Originally created 05/27/98

Delta plans to add a bit more reality to TV spots



ATLANTA -- A year ago, Delta Air Lines dumped its longtime advertising agency and rolled out a New Age campaign, which the carrier's executives said brought positive results.

But now they plan to put a little more reality into the ethereal TV ads that use floating balloons and one-word notes such as "fun," and "success" to signify a "million different reasons to fly" for passengers.

Independent surveys show positive response to the brand-building ads, whose message is that Delta is a global carrier and treats customers as individuals, said Gayle Bock, vice president-consumer marketing at the Atlanta-based airline.

"Our research shows people understand what they're supposed to take away from them," said Bock. "Of course, research is for learning, and what we're also learning is that there is some gap between expectation and experience.

"This fall, we'll be coming out with a campaign that will give more tangible benefits" of flying Delta, Bock said.

The airline's new agency, Saatchi & Saatchi of New York, is revising the current TV ads slightly to add a broader mix of employees rather than just flight attendants.

The first Delta ads by Saatchi, which debuted a year ago, pitched improved business-class service, along with the new slogan "On Top of the World." They were followed by the balloon spots, which have puzzled some fliers.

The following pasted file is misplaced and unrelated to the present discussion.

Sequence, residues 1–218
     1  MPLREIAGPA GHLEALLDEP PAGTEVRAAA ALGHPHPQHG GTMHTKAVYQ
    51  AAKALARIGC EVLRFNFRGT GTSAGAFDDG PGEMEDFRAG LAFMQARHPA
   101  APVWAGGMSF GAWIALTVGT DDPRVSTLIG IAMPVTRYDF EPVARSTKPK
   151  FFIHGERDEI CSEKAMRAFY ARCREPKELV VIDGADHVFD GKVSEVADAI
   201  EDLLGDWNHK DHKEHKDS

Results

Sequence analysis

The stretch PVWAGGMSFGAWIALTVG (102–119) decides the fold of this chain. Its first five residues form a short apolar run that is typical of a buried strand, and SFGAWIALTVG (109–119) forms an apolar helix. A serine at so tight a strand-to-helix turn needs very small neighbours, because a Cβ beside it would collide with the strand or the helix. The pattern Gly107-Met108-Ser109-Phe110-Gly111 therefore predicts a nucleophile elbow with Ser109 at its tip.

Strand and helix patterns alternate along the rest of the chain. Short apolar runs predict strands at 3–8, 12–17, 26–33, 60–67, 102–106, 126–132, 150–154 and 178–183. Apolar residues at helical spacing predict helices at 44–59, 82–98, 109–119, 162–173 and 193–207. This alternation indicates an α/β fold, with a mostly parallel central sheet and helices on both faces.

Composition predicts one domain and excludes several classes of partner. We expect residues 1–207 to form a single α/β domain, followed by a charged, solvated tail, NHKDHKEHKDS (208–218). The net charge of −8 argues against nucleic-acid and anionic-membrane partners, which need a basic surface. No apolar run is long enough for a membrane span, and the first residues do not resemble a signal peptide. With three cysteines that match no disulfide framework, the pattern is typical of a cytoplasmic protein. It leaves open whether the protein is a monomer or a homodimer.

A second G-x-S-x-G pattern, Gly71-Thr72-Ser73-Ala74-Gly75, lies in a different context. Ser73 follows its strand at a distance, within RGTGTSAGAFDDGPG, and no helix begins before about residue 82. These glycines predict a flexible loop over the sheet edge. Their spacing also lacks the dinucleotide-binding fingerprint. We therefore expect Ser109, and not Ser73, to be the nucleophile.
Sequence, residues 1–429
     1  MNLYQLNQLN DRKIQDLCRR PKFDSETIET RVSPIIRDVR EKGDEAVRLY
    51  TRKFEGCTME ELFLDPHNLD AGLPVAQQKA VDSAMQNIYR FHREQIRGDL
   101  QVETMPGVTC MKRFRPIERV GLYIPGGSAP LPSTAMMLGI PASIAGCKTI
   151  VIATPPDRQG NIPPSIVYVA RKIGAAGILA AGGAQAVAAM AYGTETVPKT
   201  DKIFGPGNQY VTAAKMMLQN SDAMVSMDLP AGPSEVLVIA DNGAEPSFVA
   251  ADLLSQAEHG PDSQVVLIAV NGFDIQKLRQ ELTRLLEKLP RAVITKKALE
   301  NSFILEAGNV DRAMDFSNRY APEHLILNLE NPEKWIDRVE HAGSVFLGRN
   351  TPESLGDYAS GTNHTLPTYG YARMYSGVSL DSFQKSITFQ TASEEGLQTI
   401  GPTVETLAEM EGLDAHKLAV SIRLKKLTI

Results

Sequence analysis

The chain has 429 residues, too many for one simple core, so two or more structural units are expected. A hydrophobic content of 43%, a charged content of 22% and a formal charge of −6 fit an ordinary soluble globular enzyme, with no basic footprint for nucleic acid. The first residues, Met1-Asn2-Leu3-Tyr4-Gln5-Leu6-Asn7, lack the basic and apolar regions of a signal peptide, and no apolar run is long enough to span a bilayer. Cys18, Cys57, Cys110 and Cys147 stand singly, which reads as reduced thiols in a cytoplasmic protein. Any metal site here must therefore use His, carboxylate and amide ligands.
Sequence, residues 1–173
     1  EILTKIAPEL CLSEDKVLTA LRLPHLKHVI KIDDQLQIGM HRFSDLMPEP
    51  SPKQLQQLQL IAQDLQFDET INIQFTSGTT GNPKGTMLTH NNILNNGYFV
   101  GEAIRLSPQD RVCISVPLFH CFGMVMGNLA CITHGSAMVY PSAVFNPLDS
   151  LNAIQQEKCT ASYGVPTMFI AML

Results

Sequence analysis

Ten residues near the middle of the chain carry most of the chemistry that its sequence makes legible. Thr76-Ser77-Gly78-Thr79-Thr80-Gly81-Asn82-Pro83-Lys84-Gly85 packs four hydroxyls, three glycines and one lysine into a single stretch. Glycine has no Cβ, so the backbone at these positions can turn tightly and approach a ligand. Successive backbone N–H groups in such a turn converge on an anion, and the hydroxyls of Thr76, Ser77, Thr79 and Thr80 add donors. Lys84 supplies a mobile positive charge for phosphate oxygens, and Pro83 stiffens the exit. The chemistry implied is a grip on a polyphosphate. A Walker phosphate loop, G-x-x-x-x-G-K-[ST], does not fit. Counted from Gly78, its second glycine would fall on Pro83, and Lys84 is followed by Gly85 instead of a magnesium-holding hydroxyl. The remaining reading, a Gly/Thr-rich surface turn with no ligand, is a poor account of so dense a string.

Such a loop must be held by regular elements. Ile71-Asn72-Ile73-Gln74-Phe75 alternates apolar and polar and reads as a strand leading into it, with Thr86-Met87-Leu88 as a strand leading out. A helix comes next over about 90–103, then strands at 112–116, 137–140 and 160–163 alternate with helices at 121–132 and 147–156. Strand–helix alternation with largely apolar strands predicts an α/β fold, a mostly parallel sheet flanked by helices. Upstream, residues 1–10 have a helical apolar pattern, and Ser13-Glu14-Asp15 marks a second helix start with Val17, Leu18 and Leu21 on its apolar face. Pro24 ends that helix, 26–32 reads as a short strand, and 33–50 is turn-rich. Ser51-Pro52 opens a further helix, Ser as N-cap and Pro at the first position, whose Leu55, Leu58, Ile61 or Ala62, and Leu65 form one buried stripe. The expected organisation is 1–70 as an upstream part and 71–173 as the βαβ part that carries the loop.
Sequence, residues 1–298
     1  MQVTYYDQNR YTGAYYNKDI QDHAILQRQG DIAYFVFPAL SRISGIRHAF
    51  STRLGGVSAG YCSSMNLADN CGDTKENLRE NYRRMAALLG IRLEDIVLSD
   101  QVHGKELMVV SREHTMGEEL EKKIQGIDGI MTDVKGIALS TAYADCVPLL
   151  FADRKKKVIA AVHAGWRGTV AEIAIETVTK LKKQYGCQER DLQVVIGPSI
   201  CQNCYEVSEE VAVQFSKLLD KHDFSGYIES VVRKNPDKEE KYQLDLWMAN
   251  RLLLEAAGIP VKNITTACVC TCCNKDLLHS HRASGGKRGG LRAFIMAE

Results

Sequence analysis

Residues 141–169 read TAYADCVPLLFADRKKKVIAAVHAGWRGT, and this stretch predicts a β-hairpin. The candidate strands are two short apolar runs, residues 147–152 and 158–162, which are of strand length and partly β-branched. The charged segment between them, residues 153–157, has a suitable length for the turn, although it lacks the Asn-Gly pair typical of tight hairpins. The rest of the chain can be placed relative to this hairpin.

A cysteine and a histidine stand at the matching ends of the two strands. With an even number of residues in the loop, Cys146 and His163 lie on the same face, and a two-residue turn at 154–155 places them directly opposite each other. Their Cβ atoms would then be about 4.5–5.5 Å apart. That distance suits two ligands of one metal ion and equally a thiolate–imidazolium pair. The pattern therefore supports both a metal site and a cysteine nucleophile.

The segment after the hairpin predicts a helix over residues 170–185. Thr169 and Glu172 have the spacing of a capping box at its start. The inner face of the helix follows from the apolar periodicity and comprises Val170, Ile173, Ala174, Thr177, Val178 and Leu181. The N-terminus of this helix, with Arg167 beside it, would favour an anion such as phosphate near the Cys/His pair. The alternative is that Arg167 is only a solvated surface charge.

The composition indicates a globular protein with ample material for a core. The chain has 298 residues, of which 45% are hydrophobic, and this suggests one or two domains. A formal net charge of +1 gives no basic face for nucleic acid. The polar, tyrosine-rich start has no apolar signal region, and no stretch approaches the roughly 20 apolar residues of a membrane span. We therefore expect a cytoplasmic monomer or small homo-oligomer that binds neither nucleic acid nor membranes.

Delta needed a fresh advertising approach, said William Mills III, who runs an Atlanta marketing consultancy, but he isn't sure what to make of the latest ads.

"They have this feel-good theme, but if you've just been on a sold-out flight that's late, its incongruent," he said.

More impressed is Jill Monaghan of the executive search firm Russell Reynolds Associates.

"I would say overall the effect is positive," she said. "The ads seem to be more in tune with the corporate traveler and convey an effort to be more consumer friendly." The balloons symbolize "a chance to elevate yourself, have a successful meeting."

Bock would not reveal the changes in store this fall but said the next round of ads still will be backed by the New Age strains of "Adiemus," a chant-like song Delta first used in European advertising several years ago. It was such a hit there that the airline had Saatchi incorporate it in the domestic campaign.

"Adiemus" earned a Gold Clio advertising award for original music this month.

Delta's current ad campaigns are a far cry from the straightforward themes and simple melodies of the "Ready When You Are" and "We Love to Fly and It Shows" spots of years past. Those were done by Atlanta agency BBDO South, which had Delta's account for 51 years.

The airline put the account up for review following the "Delta Marathon" campaign that was panned during the 1996 Summer Olympics.

BBDO was forced to lay off 25 workers, or 12 percent of its staff, after losing Delta. Allen Ginsberg, executive vice president-media, said the agency now has a new chief executive and has recently gotten some new accounts and added jobs.

Asked by The Atlanta Journal-Constitution for an assessment of Saatchi's work, he was diplomatic.

"Delta has gone into kind of a futuristic look, and I'm not really sure what the response to that would be," Ginsberg said.